Thinking about starting a home business?  Probably the hardest task for a new business is getting those first few clients or customers.  One of the problems is that most home business owners are not savvy in marketing and hate the idea of doing “sales calls,” therefore many struggle to get enough clients.  Generating business and clients takes a lot of time, but the process can be speeded up by learning how to prospect and guide customers towards a sale or becoming a regular client.  It is reality that many prospects do not say yes on first contact with you, so you need to develop a plan to stay in touch with them until they are ready to buy.  Here are four useful strategies to use:

1.  Make sure that you zero in on your target market:  Make sure that you identify who might want what you are offering and are able to pay for it, anyone else is a waste of your time and money.  It is not enough to send your message out into the world and hope that it will stick.  Defining your most likely client by a number of criteria applicable to your business, makes it easier to find them and to send messages to entice them to check out your product

2.  Build a potential customer and client list: Just as you need a guest list for a party, you need a client list in order to have a business.  

  • Start by making a list of personal contacts for quick and easy sales, then ask these people to recommend you to their friends and contacts. 
  • Call back to your existing customers for resales, it is easier to sell to an existing happy customer than to find new ones.
  • Offer referral incentives to current customers
  • Search out potential customers on the internet and use social media such as Linked in. Participate in Trade Shows or Craft Fairs, these events are good for networking with other businesses that might fit your market.  You can also generate new customers by exhibiting your work.  Even if you don’t make a sale you will probably be able to build your contact list.
  • Join your local Chamber of Commerce and network with other businesses in your area.  Join groups involving your target market and attend workshops that might help you to build your business.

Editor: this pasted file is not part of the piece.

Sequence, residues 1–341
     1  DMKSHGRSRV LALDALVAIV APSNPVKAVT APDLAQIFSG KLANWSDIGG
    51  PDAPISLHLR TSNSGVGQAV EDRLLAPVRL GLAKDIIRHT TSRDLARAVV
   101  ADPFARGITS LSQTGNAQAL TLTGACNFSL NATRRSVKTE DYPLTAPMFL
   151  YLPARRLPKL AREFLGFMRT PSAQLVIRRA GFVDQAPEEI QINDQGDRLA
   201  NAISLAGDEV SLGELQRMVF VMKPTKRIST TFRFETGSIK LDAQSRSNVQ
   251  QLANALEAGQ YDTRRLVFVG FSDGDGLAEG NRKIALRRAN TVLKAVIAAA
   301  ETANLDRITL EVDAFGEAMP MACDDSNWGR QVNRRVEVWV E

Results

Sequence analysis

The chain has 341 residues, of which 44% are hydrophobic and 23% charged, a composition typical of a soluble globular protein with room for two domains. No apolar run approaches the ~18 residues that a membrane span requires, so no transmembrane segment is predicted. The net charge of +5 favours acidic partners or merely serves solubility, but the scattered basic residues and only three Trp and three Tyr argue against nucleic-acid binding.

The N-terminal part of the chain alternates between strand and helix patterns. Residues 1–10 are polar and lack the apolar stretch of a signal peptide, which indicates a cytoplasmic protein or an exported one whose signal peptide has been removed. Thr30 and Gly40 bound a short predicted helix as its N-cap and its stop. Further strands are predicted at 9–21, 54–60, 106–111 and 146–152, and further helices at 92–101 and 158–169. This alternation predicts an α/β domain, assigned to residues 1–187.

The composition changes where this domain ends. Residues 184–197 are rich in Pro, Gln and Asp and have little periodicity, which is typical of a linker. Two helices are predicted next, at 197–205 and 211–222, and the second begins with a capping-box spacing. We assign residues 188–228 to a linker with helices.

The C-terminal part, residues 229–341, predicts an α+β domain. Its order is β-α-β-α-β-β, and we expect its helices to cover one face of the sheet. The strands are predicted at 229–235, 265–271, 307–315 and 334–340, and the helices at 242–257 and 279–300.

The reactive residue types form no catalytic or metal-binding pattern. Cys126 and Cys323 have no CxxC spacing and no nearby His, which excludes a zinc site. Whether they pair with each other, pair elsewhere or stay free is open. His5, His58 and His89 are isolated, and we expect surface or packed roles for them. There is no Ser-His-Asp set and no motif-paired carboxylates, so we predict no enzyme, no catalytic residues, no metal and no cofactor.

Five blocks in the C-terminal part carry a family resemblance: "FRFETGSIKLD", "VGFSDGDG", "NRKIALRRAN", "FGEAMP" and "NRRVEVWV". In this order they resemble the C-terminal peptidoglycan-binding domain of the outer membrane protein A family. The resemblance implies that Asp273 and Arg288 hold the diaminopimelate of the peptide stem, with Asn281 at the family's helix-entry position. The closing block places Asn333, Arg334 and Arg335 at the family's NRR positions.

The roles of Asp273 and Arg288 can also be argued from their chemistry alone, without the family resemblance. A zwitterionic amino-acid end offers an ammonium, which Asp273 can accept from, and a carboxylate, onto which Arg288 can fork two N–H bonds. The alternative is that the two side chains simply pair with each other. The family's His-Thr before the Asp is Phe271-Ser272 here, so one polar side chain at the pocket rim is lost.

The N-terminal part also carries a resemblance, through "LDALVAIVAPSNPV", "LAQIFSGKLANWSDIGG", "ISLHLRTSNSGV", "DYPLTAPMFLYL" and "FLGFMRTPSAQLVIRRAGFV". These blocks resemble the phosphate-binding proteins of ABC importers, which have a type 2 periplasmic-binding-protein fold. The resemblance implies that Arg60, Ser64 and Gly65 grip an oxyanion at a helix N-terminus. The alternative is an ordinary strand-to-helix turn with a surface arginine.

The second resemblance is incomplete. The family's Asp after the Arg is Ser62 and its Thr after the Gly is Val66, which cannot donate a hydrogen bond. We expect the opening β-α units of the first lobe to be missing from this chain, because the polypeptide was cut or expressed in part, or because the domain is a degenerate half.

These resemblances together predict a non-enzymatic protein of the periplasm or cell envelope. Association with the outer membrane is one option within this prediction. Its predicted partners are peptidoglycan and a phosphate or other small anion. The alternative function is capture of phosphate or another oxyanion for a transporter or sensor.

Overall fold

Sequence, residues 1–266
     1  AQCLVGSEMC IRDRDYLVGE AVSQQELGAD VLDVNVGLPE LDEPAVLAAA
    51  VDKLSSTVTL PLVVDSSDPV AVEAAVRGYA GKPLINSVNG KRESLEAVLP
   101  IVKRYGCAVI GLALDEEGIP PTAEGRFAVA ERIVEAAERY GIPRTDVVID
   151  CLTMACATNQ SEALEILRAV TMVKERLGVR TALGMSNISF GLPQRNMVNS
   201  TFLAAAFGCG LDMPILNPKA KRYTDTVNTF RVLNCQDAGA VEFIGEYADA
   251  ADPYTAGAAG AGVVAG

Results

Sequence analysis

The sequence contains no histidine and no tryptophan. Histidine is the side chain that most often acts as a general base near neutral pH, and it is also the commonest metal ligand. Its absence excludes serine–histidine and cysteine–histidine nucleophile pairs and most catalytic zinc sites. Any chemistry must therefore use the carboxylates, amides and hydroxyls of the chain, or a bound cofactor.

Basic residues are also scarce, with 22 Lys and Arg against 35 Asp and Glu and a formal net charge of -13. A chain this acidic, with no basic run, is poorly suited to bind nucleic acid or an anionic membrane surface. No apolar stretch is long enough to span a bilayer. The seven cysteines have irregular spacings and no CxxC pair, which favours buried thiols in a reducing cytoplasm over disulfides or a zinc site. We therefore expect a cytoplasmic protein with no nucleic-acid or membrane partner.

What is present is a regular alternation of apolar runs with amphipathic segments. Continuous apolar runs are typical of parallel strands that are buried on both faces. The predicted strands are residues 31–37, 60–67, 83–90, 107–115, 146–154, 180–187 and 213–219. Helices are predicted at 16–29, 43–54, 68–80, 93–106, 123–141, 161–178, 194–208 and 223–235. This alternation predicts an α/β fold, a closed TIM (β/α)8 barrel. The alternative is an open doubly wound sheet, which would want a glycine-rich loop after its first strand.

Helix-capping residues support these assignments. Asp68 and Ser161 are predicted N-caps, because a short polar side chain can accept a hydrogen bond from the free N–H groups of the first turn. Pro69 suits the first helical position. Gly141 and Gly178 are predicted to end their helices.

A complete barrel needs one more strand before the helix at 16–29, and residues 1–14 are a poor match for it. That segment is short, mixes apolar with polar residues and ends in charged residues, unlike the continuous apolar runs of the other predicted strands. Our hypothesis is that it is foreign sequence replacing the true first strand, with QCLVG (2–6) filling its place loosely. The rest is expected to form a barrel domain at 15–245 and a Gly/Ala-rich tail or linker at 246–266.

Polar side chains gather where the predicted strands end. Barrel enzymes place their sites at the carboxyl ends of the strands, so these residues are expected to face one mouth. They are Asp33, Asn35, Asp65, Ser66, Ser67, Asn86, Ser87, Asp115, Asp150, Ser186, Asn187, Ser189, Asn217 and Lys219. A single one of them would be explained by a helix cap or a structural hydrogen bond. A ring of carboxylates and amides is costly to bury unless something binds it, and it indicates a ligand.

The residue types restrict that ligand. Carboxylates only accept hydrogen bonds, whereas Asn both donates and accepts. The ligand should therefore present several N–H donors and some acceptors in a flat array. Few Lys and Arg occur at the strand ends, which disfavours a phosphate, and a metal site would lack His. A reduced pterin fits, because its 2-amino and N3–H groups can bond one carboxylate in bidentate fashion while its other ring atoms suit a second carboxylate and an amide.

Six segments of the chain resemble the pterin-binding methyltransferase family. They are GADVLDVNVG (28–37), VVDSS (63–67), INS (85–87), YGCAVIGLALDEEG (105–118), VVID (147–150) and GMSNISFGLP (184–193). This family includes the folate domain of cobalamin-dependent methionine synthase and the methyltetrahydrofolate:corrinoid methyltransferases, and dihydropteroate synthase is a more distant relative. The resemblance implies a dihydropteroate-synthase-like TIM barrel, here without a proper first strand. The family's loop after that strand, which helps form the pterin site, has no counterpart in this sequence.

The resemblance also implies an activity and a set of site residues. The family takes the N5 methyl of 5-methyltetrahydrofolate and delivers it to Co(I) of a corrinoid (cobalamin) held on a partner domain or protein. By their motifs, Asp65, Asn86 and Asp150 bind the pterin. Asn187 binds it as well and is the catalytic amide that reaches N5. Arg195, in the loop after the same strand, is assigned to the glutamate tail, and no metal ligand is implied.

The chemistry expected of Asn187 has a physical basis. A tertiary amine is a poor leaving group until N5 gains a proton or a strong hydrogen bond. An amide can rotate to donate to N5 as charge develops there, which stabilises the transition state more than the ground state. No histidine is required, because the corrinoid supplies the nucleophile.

• Purchase a lead list, however this can be expensive and usually achieves low results, but if you are in a bind this is an option.  If you do a Google search for mailing lists, you will find lots of companies to reach out to.

3.  Make personal contact with your prospective client:

  • Cold calling scares most people but it the best way to contact clients to ask them what they need and tell them what you can do for them.  Prepare yourself by writing an easy flowing conversational script to introduce your product or reason for calling.  Remember telling is not selling so don’t do all the talking. Ask questions and present the benefits of your product so that the focus of the call is on the customer.   End your call with a call to action, such as asking them to commit to a trial period, or get an email or physical address so that you can send them more information.  If they say they are not interested ask if they know anyone who might be and get a referral.
  • Email: while not as effective as a direct conversation it is less scary and a good way to introduce yourself.  Do not send just a “buy” email, instead offer something of value.  Give an explanation of who you are and provide a coupon or other incentive.  Make sure that you include an unsubscribe option in accordance with anti-spam laws.
  • In-person: Make an appointment to meet a prospect on your list or walk into their business.  You can often meet prospects while you are out and about in places such as grocery stores or coffee shops.  You should always tailor your presentation to how you can meet their needs and have sales material on hand such as brochures or samples.  End your meeting with a call to action or promise to follow-up.
  • Traditional Mail:  Similar to email snail mail is not the most effective way to get sales but it is a great way to increase awareness of your business.  Create a postcard, brochure or letter and send it yourself or hire a fulfillment house to do it for you if you have a large volume.   Don’t forget that a personally placed stamp makes the item look less like junk mail.

4.  Follow-up then follow-up again:  When you meet with prospective customers, you will probably hear NO a lot. Sometimes it is a firm no, but it could be a no, for now.  80% of sales are not made on the first contact or the second or even the third contact, it may take more that to make the sale.  It is important to set up a non-annoying system of follow-up, such as an email list or an agreement to call back in a period of time. 

You must keep track of all your communications and there are many free CRM databases available on line that you can use.  Create calendar reminders to follow-up on your phone.  It is important to build a relationship with your prospective clients which will hopefully lead to a sale.  

From an article by Mindy Lilyquist

Things you Should Know about Starting a Business in Canada

By Randall Orser | Home Based Business , Marketing , Small Business

Even though there are rules and regulations that would-be business owners need to follow in Canada, it was still ranked as the third best place in the world to start a business in 2016. In 2019 according to the World Bank’s Doing Business it only took one procedure and an average of five days to register a firm.  However, the ease of doing business ranks at 22 in a range of 1–190. 

If you are considering starting a business in Canada, here are some things you should know: